I am getting breast implants in December. I am 130 lbs, 5ft. 5inches and I am looking at 325cc saline under the muscle. I have been under anesthesia before (tonsillectomy) and I didn't have any negative reactions (throwing up etc.) However, I remember the doctor saying he had a bit of trouble waking me up. My questions are: if I didn't get an upset stomach after my last surgery should I expect not to be sick? Also, what are the possible reasons I may have had trouble waking from anesthesia?
Doctor Answers 12
Anesthesia during breast implant surgery
The most common fear I hear from my patients is not from the impending breast implant surgery, but from the anesthesia given during the procedure. It is the fear of the unknown, fear of losing control, fear of not waking up after the procedure and the fear of waking up during the procedure! We have all heard or read about the horror stories of anesthesia.
However, the reality is, anesthesia is very safe. The medications used today are much better than even 10 years ago and the monitoring equipment is more sophisticated and accurate. You have a higher chance of dying from a lightening strike than dying from anesthesia!
But, there are precautions that you must take before your procedure. Make sure the surgical facility is nationally accredited and the anesthesia personal are board certified and specialized in anesthesia, either a MD anesthesiologist or a nurse anesthetist. Insist on talking to this person before your procedure and explain to him/her your concerns. They can take precautions to insure that your anesthesia experience is safe, pleasant and your recovery easy with all the precautions taken to reduce your chance of post op nausea and vomiting.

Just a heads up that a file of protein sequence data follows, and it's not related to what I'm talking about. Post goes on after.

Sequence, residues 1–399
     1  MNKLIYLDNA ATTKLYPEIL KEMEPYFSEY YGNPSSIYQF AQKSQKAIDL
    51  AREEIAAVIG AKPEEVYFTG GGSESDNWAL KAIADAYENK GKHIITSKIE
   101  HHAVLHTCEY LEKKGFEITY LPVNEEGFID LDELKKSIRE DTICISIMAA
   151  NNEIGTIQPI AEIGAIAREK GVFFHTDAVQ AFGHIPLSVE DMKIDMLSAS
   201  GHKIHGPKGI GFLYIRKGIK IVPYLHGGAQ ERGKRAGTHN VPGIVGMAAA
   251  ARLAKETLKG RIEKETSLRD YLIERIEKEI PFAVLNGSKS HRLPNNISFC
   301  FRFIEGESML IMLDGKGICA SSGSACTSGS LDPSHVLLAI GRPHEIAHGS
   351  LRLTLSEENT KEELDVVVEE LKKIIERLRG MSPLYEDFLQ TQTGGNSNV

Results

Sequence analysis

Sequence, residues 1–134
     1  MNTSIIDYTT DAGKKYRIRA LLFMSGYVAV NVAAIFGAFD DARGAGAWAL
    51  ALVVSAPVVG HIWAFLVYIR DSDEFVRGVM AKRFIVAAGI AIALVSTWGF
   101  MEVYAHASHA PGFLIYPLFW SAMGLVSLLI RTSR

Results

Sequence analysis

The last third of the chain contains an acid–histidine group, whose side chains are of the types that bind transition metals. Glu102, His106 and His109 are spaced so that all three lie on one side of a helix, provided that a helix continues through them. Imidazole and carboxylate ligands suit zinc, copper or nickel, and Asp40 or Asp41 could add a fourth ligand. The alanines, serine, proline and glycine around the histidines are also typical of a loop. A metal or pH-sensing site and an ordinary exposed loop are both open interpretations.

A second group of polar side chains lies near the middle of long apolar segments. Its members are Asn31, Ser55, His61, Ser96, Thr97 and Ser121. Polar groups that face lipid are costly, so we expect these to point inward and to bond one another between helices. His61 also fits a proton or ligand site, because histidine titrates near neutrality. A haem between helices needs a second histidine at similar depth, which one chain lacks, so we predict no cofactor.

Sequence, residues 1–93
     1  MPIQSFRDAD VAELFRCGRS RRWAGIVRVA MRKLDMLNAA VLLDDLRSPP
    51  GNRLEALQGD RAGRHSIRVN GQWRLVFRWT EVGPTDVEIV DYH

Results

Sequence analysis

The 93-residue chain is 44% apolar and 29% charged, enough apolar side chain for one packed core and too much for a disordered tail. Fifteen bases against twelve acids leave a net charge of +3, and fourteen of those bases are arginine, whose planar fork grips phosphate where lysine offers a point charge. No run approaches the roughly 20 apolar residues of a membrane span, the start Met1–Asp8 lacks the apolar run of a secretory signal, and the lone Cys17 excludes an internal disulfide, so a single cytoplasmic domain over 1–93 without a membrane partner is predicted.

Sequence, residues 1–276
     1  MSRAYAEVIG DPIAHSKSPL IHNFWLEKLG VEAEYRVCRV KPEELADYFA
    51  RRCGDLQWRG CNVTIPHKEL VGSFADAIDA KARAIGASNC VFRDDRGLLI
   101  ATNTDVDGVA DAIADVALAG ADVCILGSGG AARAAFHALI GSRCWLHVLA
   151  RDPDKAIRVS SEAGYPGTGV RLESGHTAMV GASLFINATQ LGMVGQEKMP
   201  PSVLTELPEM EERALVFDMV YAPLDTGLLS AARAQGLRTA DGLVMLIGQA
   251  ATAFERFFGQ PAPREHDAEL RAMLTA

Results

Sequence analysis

Patients that end up with problems from anesthesia usually have significant medical problems prior to the procedure, (lung or heart issues), or don't follow pre and post op instructions exactly as directed. Do your research, follow the doctors instructions and your outcome will goes as expected. Good Luck!
Breast Implants and Nausea
There are very good regimens that we use to prevent postoperative nausea and vomiting and a shorter surgery (like 15 minutes) will likely reduce the risks.
Anesthesia and Breast Implant Surgrery
- If you're not prone to "motion sickness" and you didn't get sick after your last anesthesia, then you can be optimistic (but not guaranteed) about a pleasant recovery.
- Anesthesia for breast augmentation can be "general" (endotracheal intubation - tube in the windpipe- and anesthetic gases) or intravenous sedation (anesthetic drugs in the veins). In my opinion, nausea and vomiting are more likely with "general" anesthesia.
- Individual responses to anesthesia (waking up fast/slow) vary. If you are healthy and have surgery in a certified facility, your sensitivity to anesthesia shouldn't pose a problem.
Thanks for your question and good luck!
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I have heard many patients tell me they were slow to wake up with previous surgery, but what that meant in their case exactly always seemed to be unclear. From the sounds of it, you should not be overly concerned that it indicated any actual problem, it's just something some people are sometimes told. Before your surgery discuss the issue with the anesthesiologist and they should be able to sort out the issue and you should have a perfectly safe procedure!